After our success at Blacktoft the day before we decided to head to another RSPB reserve on Tuesday. Although there were no repeat prospects of anything quite as dramatic as a Montagu’s Harrier, Fairburn Ings has in the past supplied a wide array of species and so hopes were high for another day of high quality birding. Before that though I had to get reacquainted with a site which initially appeared entirely unfamiliar, viewed as it was beneath a blue sky and bustling with visitors. All my previous visits here have been in the midst of winter which, without fail, also coincided with an almost impenetrable fog. Sunshine therefore was something of a novelty and it allowed much better viewing of the entrance feeders which were packed with Tree Sparrows. As I remarked in my last entry Tree Sparrows seem to be doing particularly well in this area and there were once again large numbers of young birds scattered throughout nearby trees and vegetation. I really wanted to try and get a few more photos of the species but in the end only came away with a single image. The birds were keeping themselves well out of the open which when combined with a strong breeze did not particularly lend itself to clear viewing.
Slightly easier to spot were the Goldfinches which have also been a virtually constant presence no matter where we’ve travelled in recent months. Numerous seed heads were again attracting them though that wind proved an equally challenging foe when it came to photography.
We could at this point have headed out into the reserve proper but conscious that our walks have been lacking a little in length of late we instead decided to head out on a four mile diversion up to the village of Ledsham. Much of the initial stretch took us along the periphery of a woodland giving a great contrast of closely packed trees on one side and wide, open corn fields on the other. Our local farms at home are put over predominantly to sheep farming so this was a welcome change and it was nice to hear a couple of Yellowhammers calling from somewhere out in the midst of it all.
Not to be outdone the woodland also offered up the goods with another mixed flock including Nuthatch and Long-tailed Tit as well as the occasional Willowchiff which managed to remain resolutely hidden. I couldn’t shake the feeling however that this kind of landscape really should have had more to offer. Where for instance were the Skylarks? At least Poppies seemed to be doing well with plenty seen along various field borders whilst a bank of Nettles held several clumps of Small Tortoiseshell caterpillars (or armies to use the correct collective noun).
In Ledsham we had a little wander around the church yard at whose centre sits a late seventh-century Anglo Saxon church. Not only is this the oldest parish church in Yorkshire still in use, it’s also the oldest building of any kind in West Yorkshire. What struck me most was the distinctive tower which clearly shows two phases of building. The lower section is believed to be part of a porch belonging to possibly a monastery or other important Christian building and is one of the earliest parts of the present day building. It was only during Norman times (twelfth century) that the tower was extended upwards and the differing construction styles are clear to see. Also of interest is that until recently the village pub only had a six-day license preventing alcohol from being served on a Sunday. Legend has it that the Lady of Ledsham Hall encountered a group of drunken labourers one Sunday and was determined that the day should be kept sacrosanct in the future.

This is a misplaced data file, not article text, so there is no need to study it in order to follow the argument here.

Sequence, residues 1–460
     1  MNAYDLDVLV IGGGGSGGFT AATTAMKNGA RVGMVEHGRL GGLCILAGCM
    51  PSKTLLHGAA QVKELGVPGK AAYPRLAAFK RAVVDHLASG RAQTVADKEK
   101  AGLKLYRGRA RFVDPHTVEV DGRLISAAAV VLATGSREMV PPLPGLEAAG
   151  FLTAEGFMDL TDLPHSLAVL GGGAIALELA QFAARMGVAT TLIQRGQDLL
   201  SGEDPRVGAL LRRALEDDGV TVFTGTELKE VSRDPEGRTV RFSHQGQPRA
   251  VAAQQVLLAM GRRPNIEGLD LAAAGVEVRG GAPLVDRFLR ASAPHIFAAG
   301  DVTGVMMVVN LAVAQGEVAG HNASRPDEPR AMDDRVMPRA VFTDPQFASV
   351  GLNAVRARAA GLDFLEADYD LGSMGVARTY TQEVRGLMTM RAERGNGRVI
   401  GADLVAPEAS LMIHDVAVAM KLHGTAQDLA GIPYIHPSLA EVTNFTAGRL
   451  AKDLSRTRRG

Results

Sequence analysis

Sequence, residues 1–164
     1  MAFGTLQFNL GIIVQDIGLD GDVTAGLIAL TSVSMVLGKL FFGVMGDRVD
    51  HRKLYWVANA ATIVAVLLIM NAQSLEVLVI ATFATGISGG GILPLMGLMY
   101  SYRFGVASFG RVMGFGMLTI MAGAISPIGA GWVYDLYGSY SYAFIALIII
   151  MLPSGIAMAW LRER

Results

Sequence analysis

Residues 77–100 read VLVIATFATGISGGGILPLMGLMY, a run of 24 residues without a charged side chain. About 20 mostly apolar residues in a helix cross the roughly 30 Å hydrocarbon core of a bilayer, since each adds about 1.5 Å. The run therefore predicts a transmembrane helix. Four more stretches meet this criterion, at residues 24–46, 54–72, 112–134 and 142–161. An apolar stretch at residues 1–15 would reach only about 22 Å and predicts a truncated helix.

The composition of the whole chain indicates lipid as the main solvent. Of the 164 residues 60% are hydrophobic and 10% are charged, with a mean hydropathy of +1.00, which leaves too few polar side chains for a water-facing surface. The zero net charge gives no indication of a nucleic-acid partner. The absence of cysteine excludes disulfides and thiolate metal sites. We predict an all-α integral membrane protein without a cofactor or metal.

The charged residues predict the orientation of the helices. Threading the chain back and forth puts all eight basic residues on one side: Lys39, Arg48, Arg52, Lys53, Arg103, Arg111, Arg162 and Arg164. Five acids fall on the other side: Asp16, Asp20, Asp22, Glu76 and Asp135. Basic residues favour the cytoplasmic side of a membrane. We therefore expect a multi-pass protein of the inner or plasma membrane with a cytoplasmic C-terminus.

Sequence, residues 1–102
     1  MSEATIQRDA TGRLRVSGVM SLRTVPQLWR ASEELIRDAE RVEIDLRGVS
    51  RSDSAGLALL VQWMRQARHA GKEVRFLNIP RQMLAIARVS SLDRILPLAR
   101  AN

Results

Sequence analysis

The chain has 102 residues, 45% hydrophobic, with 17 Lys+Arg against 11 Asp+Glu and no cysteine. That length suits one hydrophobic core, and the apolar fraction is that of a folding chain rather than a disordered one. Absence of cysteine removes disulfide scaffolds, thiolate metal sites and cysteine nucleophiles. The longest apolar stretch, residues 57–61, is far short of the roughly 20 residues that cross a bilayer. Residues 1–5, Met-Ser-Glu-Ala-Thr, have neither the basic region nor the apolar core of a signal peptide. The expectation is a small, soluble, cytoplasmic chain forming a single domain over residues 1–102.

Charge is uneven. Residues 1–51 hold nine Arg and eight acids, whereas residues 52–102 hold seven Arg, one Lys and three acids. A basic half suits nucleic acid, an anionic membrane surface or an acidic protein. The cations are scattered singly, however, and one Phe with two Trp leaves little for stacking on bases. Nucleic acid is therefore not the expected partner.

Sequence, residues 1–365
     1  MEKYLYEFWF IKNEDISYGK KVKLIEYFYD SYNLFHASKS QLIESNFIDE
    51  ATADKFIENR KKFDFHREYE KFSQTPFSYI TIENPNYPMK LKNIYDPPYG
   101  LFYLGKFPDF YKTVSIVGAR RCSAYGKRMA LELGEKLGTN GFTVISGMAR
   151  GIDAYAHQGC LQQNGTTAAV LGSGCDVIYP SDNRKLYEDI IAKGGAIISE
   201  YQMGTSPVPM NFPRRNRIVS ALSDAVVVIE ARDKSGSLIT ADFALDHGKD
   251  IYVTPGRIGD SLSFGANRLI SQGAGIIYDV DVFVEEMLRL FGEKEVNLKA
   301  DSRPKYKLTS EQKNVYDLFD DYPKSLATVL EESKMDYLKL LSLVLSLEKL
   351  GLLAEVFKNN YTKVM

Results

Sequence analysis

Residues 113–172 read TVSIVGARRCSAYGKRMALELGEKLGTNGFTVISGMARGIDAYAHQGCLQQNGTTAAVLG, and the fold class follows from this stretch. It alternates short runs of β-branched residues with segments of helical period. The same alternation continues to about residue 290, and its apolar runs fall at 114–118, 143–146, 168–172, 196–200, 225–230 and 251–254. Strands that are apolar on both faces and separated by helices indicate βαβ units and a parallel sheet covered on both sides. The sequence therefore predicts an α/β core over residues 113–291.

Swallows, Kestrels (another Yorkshire species which seems to be prospering) and Buzzard accompanied our return leg back to the reserve where the serious business of birding could finally begin. The main lake held a good collection of waterfowl given the time of year including at least two pairs of Great Crested Grebe plus several Tufted Duck and Pochard. Mute Swans were probably the most numerous species with over 240 individuals present and it was great to see a couple of Common Terns about as well. Best sighting though was the all too brief flash of blue heralding the arrival of a Kingfisher which alas we didn’t manage to see again, not even from the appropriately named Kingfisher screen.
What we did see well were a couple of Willow Tits, one on the feeders and one from the Pickup Hide. I must admit my identification comes more from site precedence rather than a definitive observation as I still struggle with telling the difference between Marsh and Willow Tits. Either way it was my first of the year and we also got to enjoy three Green Sandpipers and a single Common Sandpiper. It seems that this year these two species are hunting in packs.
Normally this would be where we ended a visit to Fairburn Ings but that was before I knew about another part of the reserve just down the road. Here two more scrapes delivered Oystercatcher, Dunlin, Ruff and perhaps best of all a flock of seven Little Ringed Plovers. There was even talk of at least a couple of Garganey being present but with them in eclipse plumage I couldn’t pick any out from the gathered Gadwalls, Teal and Mallards. Needless to say this is clearly one of, if not the best location on the reserve to see wading species and I will definitely be including it as part of any future visit.